Last May, the city officially began the program by targeting six pilot locations based on high crash, fatality and injury rates.

Council member Eric Bunch, who introduced the measure, said Vision Zero is critical to making the city safer to navigate.

“The biggest correlated marker for danger is the speed of vehicles. So if you can slow vehicles down, you are going to improve safety. And so that's really what the basis of our vision zero policy is, to use data and identify where our most dangerous streets and intersections are and redesign the street in a way that reduces prevailing speeds.”

Poverty and lack of access to cars, crosswalks or other pedestrian amenities, as well as an abundance of high-capacity streets built to highway standards are making mobility issues worse, according to Bunch. He thinks the city needs to address these issues at the same time as traditional pedestrian infrastructure to truly make a difference.

Bunch believes the most effective way to do so is through a road diet: redesigning a large, multi-lane street to be more pedestrian-friendly by removing some travel lanes and replacing them with bike lanes and expanded sidewalks. More affordable options, like plastic posts, flower pots or on-street parking are also strategically used.

You can see the results of a road diet along the Gillham corridor, which was altered as part of Kansas City’s Complete Streets project that began in 2017. The ordinance sets guidelines for the city to develop a safe, integrated, and reliable transportation system.

Gillham now has protected bike lanes and improved crosswalks. Those changes help walkers and public transit and wheelchair users as well, according to Kelley.

Bike lanes have become a sort of flash point for a wider discussion of equitable mobility, and which neighborhoods get prioritized access to safer streets.

In October of 2021, Robinson introduced an ordinance that would direct the city to remove bike lanes if neighborhood associations did not want them.

The ordinance was not meant to go after bike lanes, but to ensure that necessary infrastructure like sidewalks was prioritized in the least accessible and poorest neighborhoods.

After a hot debate, it was amended to omit the bike lane removal and directed City Manager Brian Platt to develop a five-year bike plan with each City council member.

Michael Kelley, policy director at BikeWalkKC, a local nonprofit that advocates for safer biking and walking environments, wants people to stop pitting walking against biking.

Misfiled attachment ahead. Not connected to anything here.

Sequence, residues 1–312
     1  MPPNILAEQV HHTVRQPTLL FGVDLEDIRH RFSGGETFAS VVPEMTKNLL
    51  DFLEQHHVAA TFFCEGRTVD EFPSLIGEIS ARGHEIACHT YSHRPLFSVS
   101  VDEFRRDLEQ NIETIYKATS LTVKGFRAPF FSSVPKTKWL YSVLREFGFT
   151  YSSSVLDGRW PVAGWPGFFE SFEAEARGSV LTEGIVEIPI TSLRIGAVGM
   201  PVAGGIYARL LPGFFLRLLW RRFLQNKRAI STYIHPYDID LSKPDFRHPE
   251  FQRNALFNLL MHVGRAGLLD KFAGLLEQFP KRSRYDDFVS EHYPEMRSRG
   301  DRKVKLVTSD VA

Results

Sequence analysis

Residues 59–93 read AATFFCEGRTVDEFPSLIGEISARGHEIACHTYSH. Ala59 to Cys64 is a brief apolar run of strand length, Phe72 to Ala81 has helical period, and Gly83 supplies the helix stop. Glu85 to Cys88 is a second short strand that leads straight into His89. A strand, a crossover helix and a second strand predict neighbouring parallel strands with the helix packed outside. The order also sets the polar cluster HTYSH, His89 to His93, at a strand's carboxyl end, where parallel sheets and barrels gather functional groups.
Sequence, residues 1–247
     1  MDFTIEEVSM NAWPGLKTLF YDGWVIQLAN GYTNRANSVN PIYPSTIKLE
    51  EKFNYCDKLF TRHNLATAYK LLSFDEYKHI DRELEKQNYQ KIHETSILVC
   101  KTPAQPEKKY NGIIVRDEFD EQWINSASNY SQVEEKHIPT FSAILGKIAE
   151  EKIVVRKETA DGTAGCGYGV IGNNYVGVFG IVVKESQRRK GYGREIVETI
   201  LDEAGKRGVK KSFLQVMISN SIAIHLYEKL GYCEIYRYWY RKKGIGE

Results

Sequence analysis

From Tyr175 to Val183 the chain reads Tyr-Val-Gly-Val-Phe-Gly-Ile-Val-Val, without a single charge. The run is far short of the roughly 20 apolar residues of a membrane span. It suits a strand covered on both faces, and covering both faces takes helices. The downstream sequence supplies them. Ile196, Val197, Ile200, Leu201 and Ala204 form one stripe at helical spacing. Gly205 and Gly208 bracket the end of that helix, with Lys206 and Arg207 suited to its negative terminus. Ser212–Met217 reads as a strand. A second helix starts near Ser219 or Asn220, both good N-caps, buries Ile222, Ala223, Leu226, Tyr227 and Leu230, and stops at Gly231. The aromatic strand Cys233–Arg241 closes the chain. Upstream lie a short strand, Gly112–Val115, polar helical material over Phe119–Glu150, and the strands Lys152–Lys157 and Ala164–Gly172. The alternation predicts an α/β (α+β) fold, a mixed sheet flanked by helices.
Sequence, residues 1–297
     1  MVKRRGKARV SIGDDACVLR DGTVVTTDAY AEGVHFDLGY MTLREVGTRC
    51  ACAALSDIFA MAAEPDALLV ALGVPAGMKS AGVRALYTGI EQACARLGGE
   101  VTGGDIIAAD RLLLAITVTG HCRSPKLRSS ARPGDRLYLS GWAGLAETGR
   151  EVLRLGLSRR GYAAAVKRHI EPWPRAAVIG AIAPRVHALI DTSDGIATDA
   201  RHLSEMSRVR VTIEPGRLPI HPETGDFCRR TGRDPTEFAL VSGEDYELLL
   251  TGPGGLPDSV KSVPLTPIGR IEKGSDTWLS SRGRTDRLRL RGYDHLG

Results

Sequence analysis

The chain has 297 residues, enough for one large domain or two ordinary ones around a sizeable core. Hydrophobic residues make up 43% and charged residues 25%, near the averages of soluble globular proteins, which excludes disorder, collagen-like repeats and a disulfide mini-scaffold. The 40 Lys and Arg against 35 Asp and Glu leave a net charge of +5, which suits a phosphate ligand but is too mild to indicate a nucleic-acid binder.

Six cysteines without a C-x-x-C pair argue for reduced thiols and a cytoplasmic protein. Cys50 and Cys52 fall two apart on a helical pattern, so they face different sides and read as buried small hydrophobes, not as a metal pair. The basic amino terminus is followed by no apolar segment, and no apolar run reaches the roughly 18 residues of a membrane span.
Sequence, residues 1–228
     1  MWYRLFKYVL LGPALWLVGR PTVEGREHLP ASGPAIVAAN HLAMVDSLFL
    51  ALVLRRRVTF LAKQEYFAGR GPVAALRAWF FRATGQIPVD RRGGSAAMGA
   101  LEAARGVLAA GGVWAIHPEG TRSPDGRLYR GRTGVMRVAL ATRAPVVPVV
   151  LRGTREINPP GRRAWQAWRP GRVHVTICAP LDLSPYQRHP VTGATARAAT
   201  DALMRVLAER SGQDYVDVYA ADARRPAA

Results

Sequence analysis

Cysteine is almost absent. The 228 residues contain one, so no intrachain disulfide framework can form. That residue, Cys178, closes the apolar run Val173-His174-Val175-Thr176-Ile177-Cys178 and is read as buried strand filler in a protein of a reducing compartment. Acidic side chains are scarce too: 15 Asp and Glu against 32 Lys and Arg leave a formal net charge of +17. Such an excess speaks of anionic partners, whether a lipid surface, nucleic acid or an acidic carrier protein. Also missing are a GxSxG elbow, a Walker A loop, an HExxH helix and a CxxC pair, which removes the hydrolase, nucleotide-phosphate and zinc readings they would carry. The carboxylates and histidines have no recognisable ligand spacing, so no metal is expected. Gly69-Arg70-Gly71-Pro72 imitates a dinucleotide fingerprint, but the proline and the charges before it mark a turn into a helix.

“Too often it feels like we are on the defensive because people are saying, ‘Well, my sidewalk is busted, so why should we be building a bike lane?’” Kelley said. “The bigger question is why are we repaving the street for the third time while the sidewalk is busted, and not including safer infrastructure that we know could make it safer for everyone?”

In 2019, the city passed an ordinance allowing people to walk, push a stroller and use a wheelchair in bike lanes. The idea is to improve overall safety by building an additional barrier of separation between pedestrians and drivers.

Despite these improvements, pedestrian injuries and fatalities remain and disproportionately affect those in underserved areas. Kansas City is currently ranked 43 for pedestrian safety and 34 for bike safety out of the 51 most populous cities.

The city’s efforts aren’t going far enough, according to Kelley.

“We have to prioritize pedestrians and other vulnerable road users more so as a city. We only spend about 3% combined on pedestrian and bike infrastructure,” Kelley said. “We passed the G.O. bond, which was great, but we still have a $1 billion backlog. It's a recipe for disaster, especially for Black and brown residents of Kansas City.”

Kelley, who is Black, says creating safe biking and walking areas throughout the entire city is fundamental to creating safer streets and a healthier city. He walks and bikes to work as often as he can, but says it’s often dangerous to do so.

“It's not a question of can we, it's a question of how are we going to,” he said. “Part of the reason why this work is so important is because if we fail to do this it disproportionately impacts people who look like me.”

Individual interest in shared mobility is growing. Kelley said that changed when people were stuck at home during the COVID-19 lockdown and realized how disconnected they were.

Now, the mission is to harness that energy and keep people motivated to change their thoughts about public infrastructure – and make sure the city does more.

Kelley believes we can make the streets accessible, but the city has to follow through with plans like Vision Zero and Complete Streets.

“We are collectively making the decision to not invest in safer infrastructure and that's costing people their lives and livelihoods and it doesn't have to be that way,” Kelley said. “We have to make a collective decision to invest in better walking, better biking infrastructure and specifically do it in a way that supports the people who need it most if we're serious about dealing with this epidemic of traffic violence.”